3 Reasons to Use Crowdsourcing to Innovate Your University

As facilities for research and education, universities must remain current to prosper and draw the best students and staff. In order to eclipse the competition, a university must be constantly innovating, finding the most efficient, most effective methods. With a dedicated, internal crowd of intelligent, eager individuals, crowdsourcing is the ultimate cost saving, renewable resource for growth.

1. Including students and staff in the dialogue on growth will foster a feeling of University pride around campus. Recently the University of Portsmouth, an institution of over 20,000 students in Portsmouth, England, ran a crowdsourced campaign open to their full staff and student body through IdeaScale. A video issued by the organizers encouraged participation with professors proclaiming, “Share your ideas, they’re as good as mine.” Check out the positive feedback and support garnered from the campaign in University of Portsmouth wrap up video here.

2. Colleges and universities have requirements to meet before implementing any proposed ideas. A crowdsourcing platform, such as IdeaScale, will bring all ideas into one easy to monitor and analyze forum. Participators can vote and comment on these ideas, building a case through quantifiable data. Ideas with implementation potential can be explored within the crowd before presentation to decision makers.

3. It works – whether you’re looking to set the course for the future of your university or cut the budget, your staff and students can provide the answers. Thanks to their campaign, Paul Hayes is confident the University of Portsmouth now has a defined vision for the future, a way to get there, and can, “clearly articulate to the world who we are and what we stand for.” The University of Calgary aimed their IdeaScale campaign at budget reduction. Within the 200+ ideas submitted by staff and students, the university found the potential for millions of dollars in savings. To find out more about their success, download the case study here.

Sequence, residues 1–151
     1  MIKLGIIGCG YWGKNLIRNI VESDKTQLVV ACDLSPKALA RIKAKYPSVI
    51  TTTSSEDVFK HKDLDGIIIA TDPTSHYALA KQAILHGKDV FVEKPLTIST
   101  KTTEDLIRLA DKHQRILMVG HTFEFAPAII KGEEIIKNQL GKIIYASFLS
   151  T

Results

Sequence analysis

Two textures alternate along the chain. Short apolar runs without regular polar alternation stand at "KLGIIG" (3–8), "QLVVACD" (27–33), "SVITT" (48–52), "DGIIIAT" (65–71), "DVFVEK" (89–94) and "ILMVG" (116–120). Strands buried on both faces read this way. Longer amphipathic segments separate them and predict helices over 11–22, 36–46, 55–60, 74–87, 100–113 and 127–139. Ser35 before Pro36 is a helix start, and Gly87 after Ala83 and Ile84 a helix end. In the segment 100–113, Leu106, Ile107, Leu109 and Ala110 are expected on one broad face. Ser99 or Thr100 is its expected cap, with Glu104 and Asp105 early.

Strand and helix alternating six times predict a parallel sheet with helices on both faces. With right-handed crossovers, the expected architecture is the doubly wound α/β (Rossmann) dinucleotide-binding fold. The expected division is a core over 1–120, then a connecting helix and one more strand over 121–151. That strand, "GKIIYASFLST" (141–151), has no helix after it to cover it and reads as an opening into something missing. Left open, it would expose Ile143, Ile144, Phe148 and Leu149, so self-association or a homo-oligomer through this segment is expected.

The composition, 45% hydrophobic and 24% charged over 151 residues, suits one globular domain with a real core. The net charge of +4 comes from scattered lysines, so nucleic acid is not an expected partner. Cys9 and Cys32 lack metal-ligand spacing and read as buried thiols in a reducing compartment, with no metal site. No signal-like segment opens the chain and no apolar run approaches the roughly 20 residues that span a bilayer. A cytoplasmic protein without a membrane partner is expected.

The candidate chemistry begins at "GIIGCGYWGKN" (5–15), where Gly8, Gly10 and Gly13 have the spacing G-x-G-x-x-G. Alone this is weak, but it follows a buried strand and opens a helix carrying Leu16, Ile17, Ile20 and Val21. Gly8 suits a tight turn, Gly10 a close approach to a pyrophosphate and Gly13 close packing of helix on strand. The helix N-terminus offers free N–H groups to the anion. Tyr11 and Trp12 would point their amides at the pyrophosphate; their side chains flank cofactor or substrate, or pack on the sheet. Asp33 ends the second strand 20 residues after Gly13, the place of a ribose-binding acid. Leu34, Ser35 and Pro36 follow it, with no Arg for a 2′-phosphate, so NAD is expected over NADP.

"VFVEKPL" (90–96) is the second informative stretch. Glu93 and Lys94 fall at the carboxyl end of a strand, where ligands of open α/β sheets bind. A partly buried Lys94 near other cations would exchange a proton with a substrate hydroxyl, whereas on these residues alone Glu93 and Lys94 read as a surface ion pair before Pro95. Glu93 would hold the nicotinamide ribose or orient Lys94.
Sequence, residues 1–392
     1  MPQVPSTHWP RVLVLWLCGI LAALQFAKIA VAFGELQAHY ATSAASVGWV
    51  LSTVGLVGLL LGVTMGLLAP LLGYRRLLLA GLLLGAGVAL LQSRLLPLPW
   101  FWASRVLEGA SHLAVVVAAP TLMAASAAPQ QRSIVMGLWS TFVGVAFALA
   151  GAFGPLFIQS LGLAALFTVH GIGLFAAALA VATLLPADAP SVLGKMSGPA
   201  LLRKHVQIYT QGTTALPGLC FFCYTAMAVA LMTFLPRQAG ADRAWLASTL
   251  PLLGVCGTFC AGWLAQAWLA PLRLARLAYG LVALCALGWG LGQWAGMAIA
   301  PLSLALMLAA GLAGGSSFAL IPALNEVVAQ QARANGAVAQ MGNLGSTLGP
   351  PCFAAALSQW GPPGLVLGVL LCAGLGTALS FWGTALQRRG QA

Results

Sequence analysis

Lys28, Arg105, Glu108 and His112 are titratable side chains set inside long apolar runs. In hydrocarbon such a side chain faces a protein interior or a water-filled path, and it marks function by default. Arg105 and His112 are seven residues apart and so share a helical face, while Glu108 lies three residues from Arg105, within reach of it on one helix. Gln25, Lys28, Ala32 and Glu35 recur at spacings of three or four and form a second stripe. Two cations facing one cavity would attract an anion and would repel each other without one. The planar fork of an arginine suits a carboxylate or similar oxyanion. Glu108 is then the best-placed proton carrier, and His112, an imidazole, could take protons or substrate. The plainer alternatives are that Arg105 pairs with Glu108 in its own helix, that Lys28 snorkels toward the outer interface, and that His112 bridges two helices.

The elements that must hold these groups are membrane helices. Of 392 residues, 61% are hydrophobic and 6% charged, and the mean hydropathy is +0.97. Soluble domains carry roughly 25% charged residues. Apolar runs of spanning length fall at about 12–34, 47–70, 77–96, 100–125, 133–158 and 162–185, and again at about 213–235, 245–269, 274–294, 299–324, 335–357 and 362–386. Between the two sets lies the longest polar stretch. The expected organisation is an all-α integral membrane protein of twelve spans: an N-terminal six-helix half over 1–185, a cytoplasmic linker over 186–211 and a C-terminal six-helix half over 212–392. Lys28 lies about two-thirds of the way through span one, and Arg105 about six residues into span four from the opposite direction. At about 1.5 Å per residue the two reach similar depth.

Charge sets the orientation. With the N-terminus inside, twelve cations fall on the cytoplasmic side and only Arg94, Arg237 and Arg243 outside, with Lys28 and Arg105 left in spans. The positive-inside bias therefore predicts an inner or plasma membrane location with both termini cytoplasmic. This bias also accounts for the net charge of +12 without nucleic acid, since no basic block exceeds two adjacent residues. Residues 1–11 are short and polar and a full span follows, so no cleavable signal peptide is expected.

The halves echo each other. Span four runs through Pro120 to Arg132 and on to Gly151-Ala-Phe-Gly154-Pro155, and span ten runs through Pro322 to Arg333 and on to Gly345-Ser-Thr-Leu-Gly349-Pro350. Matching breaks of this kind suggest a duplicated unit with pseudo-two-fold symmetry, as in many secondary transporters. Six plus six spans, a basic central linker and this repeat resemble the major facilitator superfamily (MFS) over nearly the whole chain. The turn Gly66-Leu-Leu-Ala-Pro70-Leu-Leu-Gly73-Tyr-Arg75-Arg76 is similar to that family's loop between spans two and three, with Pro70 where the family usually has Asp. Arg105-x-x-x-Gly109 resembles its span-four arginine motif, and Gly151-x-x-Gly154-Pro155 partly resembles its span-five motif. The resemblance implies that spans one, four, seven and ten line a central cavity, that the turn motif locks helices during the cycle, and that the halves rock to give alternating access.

4 Advantages of Online Citizen Engagement

image curtesy of UWW ResNet via flickr

image curtesy of UWW ResNet via flickr

Civic engagement is an age-old democratic concept: getting regular people to participate on an individual or collective level in order to direct the government. It’s also a mandate at almost every level and (at this point) a basic public expectation.

But the tool set is changing from having town hall meetings and rooting through suggestion boxes, to a more social and collaborative set of digital tools that can be accessed anywhere, at any time. Think about it: while voting turnout has shown a downturn, engagement on Twitter has skyrocketed. This has happened for a number of reasons, including a vast difference in content that users are engaging with, but there are also a number of advantages offered by crowd-based, digital platforms that present ease and opportunities to both citizens and organizations.

A 2010 study found that 48% of adult internet users have looked to engage with a public policy or issue online. That number equates to millions upon millions of people who have suggestions to offer, solutions to propose, and valuable insight that could change the course of policy and governing for the better. With crowdsourcing, not only can they share these ideas, but they can vote and comment on the ideas of others and help define the next generation of government.

What’s more, they can do it and offer four distinct advantages over traditional methods of content collection:

Low Cost: In-person meetings, arduous processes of managing hard copy suggestions lead to high costs for the government. Introducing a digital collaboration system for suggestion offers a significant savings to government organizations and the taxpayer.